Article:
Remember, our Lord is without sin – his actions are perfect in every situation – if fact, we can say that every act of his was an act of love.  His very anger is love.  So Jesus' sermon to us about anger is not about avoiding particular words, there must be a righteous anger, and there must be an unrighteous anger. 

 

Do we know which is which when it arises in our hearts?

 

Remember, our purpose in looking at this is that we might enter into the kingdom of heaven – even tonight – and to offer to God our praise and thanksgiving – worthy praise, and adoration.  Jesus says,

Unless your righteousness exceeds the righteousness of the Scribes and Pharisees you will never enter into the kingdom of heaven.

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Our First Lesson gives us a clue about discerning which anger is righteous and which anger is unrighteous.  Speaking of our baptism, St. Paul says,

If we have been planted together in the likeness of his death, we shall be also in the likeness of his resurrection; knowing this, that our old man is crucified with him, that the body of sin might be destroyed, that henceforth we should not serve sin. 

 

St. Paul makes the distinction between the old man, the body of sin, which is crucified with Christ in our baptism, and the new man that should rise to walk in newness of life in Him.

 

Is our anger arising from the old man or from the new risen man in Christ?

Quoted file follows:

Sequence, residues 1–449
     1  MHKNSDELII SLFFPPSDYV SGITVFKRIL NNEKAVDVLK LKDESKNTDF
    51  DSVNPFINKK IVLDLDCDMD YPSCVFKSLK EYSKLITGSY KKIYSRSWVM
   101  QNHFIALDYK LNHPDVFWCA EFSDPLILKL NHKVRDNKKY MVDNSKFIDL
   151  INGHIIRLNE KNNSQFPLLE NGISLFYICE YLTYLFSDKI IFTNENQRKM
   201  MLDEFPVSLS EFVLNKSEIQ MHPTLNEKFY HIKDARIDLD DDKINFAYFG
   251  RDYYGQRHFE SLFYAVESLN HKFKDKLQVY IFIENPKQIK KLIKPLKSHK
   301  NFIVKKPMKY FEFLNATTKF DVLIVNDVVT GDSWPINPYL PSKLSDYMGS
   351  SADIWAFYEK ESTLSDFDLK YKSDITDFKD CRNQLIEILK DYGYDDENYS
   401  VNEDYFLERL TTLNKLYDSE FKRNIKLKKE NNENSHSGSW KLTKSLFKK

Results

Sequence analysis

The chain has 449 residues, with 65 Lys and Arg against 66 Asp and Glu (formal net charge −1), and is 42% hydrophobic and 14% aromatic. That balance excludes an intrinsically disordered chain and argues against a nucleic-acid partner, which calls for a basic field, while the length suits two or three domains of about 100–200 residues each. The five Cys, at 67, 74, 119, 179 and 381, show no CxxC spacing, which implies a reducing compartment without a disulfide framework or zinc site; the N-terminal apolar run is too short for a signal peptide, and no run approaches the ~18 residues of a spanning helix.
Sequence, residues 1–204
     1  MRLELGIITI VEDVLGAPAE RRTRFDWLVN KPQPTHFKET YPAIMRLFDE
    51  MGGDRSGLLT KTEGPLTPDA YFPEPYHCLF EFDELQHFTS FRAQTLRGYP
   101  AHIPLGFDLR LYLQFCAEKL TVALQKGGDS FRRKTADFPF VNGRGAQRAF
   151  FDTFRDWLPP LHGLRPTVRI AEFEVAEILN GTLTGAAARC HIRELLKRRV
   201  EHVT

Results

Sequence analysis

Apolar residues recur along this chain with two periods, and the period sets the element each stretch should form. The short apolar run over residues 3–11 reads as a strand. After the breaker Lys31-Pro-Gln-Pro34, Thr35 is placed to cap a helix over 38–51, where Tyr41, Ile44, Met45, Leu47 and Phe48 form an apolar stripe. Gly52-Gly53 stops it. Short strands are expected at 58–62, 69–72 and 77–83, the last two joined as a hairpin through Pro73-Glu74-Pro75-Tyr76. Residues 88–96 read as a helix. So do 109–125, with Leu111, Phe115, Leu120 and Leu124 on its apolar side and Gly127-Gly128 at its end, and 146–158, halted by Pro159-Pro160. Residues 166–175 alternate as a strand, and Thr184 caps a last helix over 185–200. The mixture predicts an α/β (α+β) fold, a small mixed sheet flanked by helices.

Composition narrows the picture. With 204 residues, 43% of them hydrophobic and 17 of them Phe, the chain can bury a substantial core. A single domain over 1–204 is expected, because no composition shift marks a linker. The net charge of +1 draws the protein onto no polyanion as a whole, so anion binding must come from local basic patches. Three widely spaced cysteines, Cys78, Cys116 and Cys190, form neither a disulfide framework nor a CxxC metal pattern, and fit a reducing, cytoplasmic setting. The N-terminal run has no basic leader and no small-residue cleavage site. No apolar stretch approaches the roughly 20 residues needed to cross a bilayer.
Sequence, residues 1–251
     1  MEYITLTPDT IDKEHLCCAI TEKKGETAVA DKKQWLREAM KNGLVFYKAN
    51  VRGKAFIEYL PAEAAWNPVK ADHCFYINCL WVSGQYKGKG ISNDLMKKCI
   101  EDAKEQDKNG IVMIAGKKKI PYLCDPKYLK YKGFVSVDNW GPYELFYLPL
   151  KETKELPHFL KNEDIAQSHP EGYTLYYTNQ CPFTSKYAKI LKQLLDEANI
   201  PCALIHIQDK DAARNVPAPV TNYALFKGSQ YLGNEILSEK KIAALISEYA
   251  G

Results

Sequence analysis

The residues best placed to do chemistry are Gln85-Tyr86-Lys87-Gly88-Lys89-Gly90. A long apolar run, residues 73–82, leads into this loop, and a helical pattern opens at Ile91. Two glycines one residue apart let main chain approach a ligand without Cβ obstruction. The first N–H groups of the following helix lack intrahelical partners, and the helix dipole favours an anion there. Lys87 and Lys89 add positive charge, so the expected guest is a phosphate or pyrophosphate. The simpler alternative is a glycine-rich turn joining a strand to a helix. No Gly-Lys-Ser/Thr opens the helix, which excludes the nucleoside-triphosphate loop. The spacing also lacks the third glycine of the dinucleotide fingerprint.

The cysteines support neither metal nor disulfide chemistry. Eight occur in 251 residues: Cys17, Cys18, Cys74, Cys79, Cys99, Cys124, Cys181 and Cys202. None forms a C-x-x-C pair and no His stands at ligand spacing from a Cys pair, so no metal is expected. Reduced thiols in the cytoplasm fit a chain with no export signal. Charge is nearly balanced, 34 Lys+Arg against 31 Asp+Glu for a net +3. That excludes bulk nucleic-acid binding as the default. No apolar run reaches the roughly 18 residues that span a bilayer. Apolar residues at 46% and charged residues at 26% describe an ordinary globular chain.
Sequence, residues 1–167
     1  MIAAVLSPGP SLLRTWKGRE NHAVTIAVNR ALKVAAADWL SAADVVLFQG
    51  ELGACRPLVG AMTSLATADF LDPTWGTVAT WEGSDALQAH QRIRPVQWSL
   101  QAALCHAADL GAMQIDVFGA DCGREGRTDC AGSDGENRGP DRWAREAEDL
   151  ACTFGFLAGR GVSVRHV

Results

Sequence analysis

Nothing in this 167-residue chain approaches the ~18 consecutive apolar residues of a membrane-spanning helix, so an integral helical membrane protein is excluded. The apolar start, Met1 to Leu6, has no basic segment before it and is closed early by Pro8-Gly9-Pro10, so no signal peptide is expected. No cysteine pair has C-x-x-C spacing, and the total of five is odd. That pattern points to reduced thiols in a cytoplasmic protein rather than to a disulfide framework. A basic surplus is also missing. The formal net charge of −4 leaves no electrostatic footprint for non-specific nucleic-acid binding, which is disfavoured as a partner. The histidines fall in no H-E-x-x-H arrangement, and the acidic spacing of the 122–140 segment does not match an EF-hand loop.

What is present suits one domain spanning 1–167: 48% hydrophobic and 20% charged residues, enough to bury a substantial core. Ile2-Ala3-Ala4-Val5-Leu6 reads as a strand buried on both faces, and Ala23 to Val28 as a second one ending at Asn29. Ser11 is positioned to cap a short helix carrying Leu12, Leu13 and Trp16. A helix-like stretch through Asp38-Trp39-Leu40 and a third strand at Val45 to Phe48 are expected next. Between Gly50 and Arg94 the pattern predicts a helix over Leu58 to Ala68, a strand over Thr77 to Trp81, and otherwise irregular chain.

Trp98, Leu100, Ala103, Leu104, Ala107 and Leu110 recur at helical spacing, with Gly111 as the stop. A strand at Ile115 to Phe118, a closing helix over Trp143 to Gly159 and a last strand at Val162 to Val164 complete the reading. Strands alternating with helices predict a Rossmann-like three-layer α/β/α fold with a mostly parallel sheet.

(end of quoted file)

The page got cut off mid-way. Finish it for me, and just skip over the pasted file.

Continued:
The Scribes and Pharisees were still acting from the old man in Adam.  Jesus described them elsewhere as whitewashed tombs full of dead men’s bones – outwardly they looked fine, but the thoughts of their hearts were not set on the love of God.  They showed themselves to be full of pride and envy, which led to anger, when their authority was challenged.   Remember how on the Sabbath day, when Jesus healed a man, instead of rejoicing they were outraged, and began secretly to plan how they might murder him.  It was not righteous anger that put our Lord to death upon the Cross, but the unrighteous anger of the old man in Adam.

 

And we can look way back, to the beginning of the Bible, to Genesis, to see the troubles of the old man.  Remember Cain and Abel the sons of Adam and Eve.  We read of Cain, envious of his brother Abel’s acceptable offering to God of the gentle lambs.  The chilling tale then relates how Cain goes out with Abel into the field, and in a rage, strikes his own brother dead. 

 

Within two chapters of Genesis following Cain’s murder of his brother, this kind of depravity of the soul has spread to all the world:

And God looked upon the earth, and, behold, it was corrupt; for all flesh had corrupted his way upon the earth.  And God said unto Noah, The end of all flesh is come before me; for the earth is filled with violence through them. [Gen. 6:5, 11-13]  And God sent upon the earth a flood that it might not be utterly destroyed – a flood for the cleansing and restoration of the Creation.

 

As it was with Cain, so it is with all of humanity,